The HiSET exam (HiSET is simply short for “High School Equivalency Test”) is one of two high school equivalency (HSE) exams that states can use in the U.S.
The high school equivalency test offers adults who never graduated from high school one more shot at earning an equivalent degree that’s accepted across North America in lieu of a common high school credential.
In this post, we look a little deeper into one specific section of the HiSET® English Writing subtest where you have to write a 5- or 6-paragraph essay and what types of prompts you’ll see in that section.
The HiSET exam comes with five individual and independent modules (subject tests) that assess your knowledge in the academic areas of
- Social Studies
- Language Writing
- Language Reading
So even if you quit high school prematurely, there’s still a path available to get hold of a secondary education degree.
The diploma that’s awarded when you’ve completed the five HiSET modules qualifies you for better jobs or to continue your education in university or college.
The HiSET exam was introduced a few years back as a more affordable alternative to the GED® test.
GED testing is only possible in a fully computerized format, whereas the HiSET can be taken on a computer or in a paper-based format.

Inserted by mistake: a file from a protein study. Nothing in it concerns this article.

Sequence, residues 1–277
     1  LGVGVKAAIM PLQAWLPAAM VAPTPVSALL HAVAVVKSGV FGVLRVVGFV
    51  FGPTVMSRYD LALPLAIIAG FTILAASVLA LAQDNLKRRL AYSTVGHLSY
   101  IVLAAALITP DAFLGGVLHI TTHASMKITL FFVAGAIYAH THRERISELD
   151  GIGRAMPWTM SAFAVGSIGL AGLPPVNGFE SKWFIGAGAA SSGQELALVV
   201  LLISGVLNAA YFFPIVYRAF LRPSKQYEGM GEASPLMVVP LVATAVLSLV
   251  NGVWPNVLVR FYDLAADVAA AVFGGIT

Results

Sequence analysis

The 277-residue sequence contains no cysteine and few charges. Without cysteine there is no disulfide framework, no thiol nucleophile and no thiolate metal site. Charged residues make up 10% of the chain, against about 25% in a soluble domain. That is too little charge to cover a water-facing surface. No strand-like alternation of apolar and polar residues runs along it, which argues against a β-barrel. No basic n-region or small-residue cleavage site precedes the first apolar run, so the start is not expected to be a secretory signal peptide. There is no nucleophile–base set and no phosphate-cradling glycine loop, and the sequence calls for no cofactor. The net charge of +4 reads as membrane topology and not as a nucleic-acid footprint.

If you attain sufficient scores on all five HiSET subtests, you will receive your state’s High School Equivalency (HSE) Diploma or Certificate. Some states issue certificates and some issue diplomas.
So if you hold your state’s HSE credential, you can move on to pursue a higher education degree or advance toward whichever career goals you have.
The HiSET Writing test
Whatever career field you choose, most likely, you’ll be required to master some level of competent writing abilities.
Writing is one of the main ways in which we communicate thoughts, ideas, and information. Check here for an overview of states that are using the HiSET and what it costs by state.
Communication, and so also writing, is a skill that requires training and development as it is a task you’ll need to utilize for just about every job. You must be able to write clearly and correctly to effectively interact and communicate with people around you.
On the HiSET Writing test, you first will have to deal with 50 multiple-choice questions. Then, you will have to write an essay, and you are given 50 minutes to do so.
Check here for free HiSET practice tests, but note that Gedeno’ free resources do not cover all of the HiSET or GED topics. They are great to start your GED or HiSET prep, but for full coverage, register with Onsego GED Prep, a full-scope program that GED Testing Service has given the predicate “100% GED Test Aligned.”
HiSET Essay Prompt
When you are ready to start with this section, you’ll receive a prompt, usually based on two reading passages. You are asked to carefully read these passages, analyze the contents, and discuss the issue in line with the parameters that are given in the prompt.
You must use the information provided in the passages and use arguments, evidence, and supporting details from the tests, and come up with and defend your point of view.